In January, authorities from the PSX signed a Sale and Purchase Agreement (SPA) of a 40 per cent strategic equity stake of the exchange with a Chinese consortium and local financial institutions. It also became the first self-listed capital market in South Asia.
The PSX also saw its fair share of scams and scandals. In the first quarter of 2017, a multi-billion-rupee scam rocked the PSX when it emerged that at least four stockbrokers had allegedly misappropriated around Rs7bn from their clients over a period of few months.
The gravity of the scam prompted the Securities and Exchange Commission of Pakistan (SECP) to investigate the matter. Initial reports suggest that the accused brokers had lured investors with returns of up to 20 per cent on their investments. A source in the PSX had told Dawn.com that the incident occurred because the investors had agreed to deal with brokers while remaining out of regulatory oversight.
The SECP also sparked another financial scandal involving a self-styled investment guru currently on the lam from American regulators. Mir Mohammad Ali Khan — also known to his hundreds of thousands of followers on Facebook as 'Mir MAK' or simply 'MAK'— was alleged to have misled Pakistani investors for his own gains.
MAK was accused of defrauding small investors through a ‘pump and dump’ scheme run from Facebook which netted him close to Rs58 million over the course of six months, the regulator said.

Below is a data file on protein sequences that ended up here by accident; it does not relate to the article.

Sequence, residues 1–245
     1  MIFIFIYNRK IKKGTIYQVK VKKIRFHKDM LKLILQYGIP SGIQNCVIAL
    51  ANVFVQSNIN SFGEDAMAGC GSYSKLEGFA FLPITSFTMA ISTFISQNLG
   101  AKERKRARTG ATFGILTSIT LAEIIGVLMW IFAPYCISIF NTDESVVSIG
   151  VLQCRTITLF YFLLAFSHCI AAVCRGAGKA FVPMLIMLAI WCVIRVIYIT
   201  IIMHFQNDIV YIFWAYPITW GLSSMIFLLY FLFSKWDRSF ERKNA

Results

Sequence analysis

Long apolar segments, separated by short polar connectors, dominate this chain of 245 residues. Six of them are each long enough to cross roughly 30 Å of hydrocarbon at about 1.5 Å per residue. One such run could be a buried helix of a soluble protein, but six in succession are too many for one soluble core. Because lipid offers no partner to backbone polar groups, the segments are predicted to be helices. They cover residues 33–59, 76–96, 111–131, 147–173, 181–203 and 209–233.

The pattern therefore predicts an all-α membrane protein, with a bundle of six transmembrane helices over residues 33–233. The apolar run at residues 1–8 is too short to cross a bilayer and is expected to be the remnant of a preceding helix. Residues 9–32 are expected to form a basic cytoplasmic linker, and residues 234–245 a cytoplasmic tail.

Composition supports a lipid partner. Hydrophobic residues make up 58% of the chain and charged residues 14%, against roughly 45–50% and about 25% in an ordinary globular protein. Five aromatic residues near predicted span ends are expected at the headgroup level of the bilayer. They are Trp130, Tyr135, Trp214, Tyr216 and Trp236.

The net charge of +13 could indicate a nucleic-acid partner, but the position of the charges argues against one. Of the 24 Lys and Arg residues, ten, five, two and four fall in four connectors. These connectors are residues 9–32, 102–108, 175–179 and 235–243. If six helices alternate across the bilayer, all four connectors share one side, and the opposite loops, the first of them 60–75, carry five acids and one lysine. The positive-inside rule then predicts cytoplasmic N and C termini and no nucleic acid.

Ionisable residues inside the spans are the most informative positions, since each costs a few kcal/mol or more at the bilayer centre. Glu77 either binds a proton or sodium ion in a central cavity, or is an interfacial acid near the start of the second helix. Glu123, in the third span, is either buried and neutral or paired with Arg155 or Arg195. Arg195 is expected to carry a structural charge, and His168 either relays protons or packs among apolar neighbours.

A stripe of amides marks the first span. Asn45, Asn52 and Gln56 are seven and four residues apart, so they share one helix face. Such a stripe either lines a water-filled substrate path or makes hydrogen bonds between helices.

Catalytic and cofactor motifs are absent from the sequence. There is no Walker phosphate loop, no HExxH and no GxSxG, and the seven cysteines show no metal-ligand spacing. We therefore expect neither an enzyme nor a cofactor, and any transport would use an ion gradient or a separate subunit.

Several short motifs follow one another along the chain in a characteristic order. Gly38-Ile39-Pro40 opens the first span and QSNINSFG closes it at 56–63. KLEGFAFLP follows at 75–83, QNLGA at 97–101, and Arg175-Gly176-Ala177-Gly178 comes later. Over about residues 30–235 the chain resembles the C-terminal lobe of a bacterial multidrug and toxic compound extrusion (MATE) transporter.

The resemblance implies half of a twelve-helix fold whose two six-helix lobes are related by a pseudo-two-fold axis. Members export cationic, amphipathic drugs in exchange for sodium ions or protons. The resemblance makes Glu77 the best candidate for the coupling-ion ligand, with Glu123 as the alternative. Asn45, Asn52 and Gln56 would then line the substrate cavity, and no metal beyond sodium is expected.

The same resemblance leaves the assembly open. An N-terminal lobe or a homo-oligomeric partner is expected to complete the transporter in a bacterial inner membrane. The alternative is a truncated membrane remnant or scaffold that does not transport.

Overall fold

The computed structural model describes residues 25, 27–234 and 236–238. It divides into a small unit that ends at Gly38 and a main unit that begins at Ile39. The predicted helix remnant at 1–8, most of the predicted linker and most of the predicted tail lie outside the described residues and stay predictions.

LNG (finally) comes to the rescue
The year had started off with the government holding a bid for contracts for the import of liquefied natural gas (LNG), which became a hot button issue in the second half of the year as erstwhile petroleum minister Shahid Khaqan Abbasi rose to the highest office in the country following Nawaz Sharif's ouster.
Abbasi eventually inaugurated two LNG terminals in the country — in August and December — taking the overall supply of LNG to 1.2 billion cubic feet per day — 30pc of the overall gas shortage. But even as he held out LNG as the long promised panacea to Pakistan's energy crisis, his plan began hitting its first hurdles.
Exxon Mobil's exit jolted Pakistan's LNG plans, while a top executive of te Pakistan LNG Terminal Limited (PLTL) was sacked later in the year. These developments were followed by the newly-inaugurated terminal facing a major fault that disrupted gas supply.
Things only got back on track towards the end of December, as the LNG terminal came back online right in time for a demand surge in the coldest period of winter.
Furnace oil in hot water
After taking office as prime minister of the countrty, Shahid Khaqan Abbasi extensively expedited the process of converting furnace oil-based power plants to natural gas — a decision termed too "abrupt" by critics.
The move created immense challenges for the furnace oil sector.
Take a look: Oil supply chain disrupted, OCAC warns
Following a decision to close down oil-based plants to facilitate the maximum utilisation of LNG, almost all domestic refineries were forced to run on sub-optimal capacity. The Oil Companies Advisory Council (OCAC) vehemently protested the decision, while the country’s largest refinery — Byco Refinery — was compelled to shut down its major refining plant of 120,000 tonnes capacity.
Also read: Fallout of short-sighted policies begins
OCAC also reported that Pakistan Refinery Limited (PRL) was being forced to “recycle” furnace oil to keep its machines functioning.
The PSO also warned the government that its upcountry airports — Lahore, Islamabad, Sialkot, Multan, Faisalabad and Peshawar — were on a dry-out position — i.e., they were about to run out of fuel for airplanes.
Finally, in the second week of December, the government decided to ensure the simultaneous lifting of domestic and imported furnace oil for power plants to ease the jet fuel shortage.